He is the first Republican to officially say he will seek the leadership position, which will open after Speaker Paul D. Ryan, R-Wis., retires in January.
Jordan’s entry is bad news for Majority Leader Kevin McCarthy, R-Calif., who is also expected to seek the post and has already won several key endorsements.
McCarthy failed in his previous attempt three years ago to become speaker because many in the Freedom Caucus questioned whether he was conservative enough. Many caucus members are likely to support Jordan, R-Ohio. Rep. Mark Meadows of North Carolina, a caucus leader, said he “certainly” supports Jordan.
Even so, the likelihood is slim that Jordan will gain broad support from Republicans, many of whom are frustrated by the House Freedom Caucus’ demands of leadership.
McCarthy’s office didn’t immediately respond to a request for comment.
Jordan, 54, has come under scrutiny in recent weeks amid allegations from some former wrestlers at Ohio State University that Jordan, while serving as an assistant coach there, was told about reports of sexual abuse by a team doctor but did not intervene.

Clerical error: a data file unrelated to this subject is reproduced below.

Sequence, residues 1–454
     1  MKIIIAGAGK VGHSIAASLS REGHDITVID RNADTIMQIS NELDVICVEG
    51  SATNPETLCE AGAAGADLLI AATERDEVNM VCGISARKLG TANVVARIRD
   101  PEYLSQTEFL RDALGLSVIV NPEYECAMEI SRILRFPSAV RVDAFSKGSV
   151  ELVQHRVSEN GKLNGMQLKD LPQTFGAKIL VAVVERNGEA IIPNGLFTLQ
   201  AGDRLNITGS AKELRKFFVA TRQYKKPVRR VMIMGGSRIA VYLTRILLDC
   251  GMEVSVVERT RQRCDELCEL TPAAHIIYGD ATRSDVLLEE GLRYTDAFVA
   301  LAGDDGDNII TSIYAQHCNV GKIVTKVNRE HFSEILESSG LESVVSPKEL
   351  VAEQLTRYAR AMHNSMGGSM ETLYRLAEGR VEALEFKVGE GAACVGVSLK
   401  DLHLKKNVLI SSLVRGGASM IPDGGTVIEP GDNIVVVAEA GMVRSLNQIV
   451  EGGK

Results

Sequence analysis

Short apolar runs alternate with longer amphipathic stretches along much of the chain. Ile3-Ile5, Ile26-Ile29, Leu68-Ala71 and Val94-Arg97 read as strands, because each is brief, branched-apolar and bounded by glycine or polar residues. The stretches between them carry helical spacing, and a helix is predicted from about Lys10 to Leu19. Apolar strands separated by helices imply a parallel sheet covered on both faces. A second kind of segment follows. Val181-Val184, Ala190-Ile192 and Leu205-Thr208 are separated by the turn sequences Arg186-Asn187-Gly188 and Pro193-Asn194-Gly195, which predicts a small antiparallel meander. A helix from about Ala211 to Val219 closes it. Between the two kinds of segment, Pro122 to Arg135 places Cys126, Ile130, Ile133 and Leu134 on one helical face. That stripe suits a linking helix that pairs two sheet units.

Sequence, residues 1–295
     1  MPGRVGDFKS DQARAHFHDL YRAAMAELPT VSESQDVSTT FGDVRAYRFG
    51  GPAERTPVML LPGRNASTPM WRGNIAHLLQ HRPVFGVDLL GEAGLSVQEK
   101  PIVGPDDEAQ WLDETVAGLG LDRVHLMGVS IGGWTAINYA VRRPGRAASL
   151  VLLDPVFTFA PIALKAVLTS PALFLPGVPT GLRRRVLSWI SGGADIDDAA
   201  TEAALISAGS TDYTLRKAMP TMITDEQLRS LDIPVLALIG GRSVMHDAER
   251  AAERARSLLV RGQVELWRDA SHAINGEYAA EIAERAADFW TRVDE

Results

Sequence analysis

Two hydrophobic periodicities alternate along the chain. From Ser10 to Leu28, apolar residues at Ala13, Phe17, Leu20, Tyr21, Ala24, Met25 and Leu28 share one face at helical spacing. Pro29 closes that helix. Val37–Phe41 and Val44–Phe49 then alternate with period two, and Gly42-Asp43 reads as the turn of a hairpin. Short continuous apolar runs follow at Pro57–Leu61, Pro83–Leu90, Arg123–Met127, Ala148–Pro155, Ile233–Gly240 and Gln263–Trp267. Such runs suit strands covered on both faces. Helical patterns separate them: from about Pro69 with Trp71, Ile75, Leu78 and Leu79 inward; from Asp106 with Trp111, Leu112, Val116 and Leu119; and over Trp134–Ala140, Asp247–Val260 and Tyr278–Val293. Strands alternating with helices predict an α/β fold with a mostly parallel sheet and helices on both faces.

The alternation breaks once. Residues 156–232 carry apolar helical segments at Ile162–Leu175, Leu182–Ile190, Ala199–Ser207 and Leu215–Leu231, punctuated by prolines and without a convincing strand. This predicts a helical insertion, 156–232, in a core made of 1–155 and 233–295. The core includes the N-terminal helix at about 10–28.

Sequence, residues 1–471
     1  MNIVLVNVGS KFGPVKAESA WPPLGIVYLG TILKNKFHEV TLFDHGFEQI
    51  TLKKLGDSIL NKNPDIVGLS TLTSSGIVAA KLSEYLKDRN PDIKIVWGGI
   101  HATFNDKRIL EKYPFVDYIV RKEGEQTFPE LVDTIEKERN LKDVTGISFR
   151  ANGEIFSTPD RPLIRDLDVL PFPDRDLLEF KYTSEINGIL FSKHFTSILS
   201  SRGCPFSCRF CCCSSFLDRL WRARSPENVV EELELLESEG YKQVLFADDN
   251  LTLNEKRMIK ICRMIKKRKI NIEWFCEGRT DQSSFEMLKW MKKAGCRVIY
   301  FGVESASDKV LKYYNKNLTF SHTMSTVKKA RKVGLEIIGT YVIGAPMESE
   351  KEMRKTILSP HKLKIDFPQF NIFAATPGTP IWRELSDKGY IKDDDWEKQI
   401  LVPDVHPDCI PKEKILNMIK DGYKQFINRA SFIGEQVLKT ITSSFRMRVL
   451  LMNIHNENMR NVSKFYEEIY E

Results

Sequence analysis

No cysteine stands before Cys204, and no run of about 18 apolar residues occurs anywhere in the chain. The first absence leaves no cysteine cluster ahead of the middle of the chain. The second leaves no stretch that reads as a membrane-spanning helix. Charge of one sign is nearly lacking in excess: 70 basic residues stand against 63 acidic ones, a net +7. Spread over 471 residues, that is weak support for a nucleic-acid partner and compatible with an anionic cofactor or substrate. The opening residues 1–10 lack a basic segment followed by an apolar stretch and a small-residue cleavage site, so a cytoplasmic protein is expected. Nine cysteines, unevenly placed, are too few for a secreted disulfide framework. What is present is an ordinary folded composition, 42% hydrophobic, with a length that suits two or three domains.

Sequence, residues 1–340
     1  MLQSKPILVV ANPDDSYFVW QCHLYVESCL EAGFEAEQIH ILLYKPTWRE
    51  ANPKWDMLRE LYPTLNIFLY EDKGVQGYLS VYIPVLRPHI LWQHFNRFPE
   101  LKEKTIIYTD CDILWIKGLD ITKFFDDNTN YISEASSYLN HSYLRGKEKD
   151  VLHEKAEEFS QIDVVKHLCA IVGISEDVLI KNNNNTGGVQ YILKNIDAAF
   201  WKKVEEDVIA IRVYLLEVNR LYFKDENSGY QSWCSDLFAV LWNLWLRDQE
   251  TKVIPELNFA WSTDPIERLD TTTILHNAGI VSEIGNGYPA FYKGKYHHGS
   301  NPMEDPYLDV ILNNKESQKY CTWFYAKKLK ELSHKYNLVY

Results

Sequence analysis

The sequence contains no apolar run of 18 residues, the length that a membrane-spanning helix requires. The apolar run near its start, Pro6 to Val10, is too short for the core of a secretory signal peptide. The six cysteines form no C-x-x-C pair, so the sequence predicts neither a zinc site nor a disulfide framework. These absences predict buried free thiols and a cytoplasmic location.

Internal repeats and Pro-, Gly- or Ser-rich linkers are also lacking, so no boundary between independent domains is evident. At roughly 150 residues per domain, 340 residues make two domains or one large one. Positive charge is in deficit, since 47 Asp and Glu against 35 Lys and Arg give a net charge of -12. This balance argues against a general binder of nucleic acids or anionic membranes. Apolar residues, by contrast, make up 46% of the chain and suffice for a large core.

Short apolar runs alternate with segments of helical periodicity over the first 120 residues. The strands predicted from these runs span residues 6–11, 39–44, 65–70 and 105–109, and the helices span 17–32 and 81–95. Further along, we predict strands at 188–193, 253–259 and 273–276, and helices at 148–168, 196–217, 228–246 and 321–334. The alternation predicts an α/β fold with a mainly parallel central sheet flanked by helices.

Jordan has denied knowing anything about the abuse.
Meanwhile, Ryan on Thursday said he doesn’t support the effort to impeach Deputy Attorney General Rod Rosenstein by a group of conservative Republicans, including Jordan, who filed articles of impeachment the previous night.
“Do I support impeachment of Rod Rosenstein? No, I do not,” Ryan, R-Wis., told reporters at his weekly news conference. “I don’t think this rises to high crimes and misdemeanors; that’s a very high standard.”
The move by the conservatives, some of President Donald Trump’s most loyal allies in the U.S. House, is based on what they consider months of stonewalling of congressional demands for documents and other material about the investigation of Russian election meddling and potential involvement by the president’s campaign.
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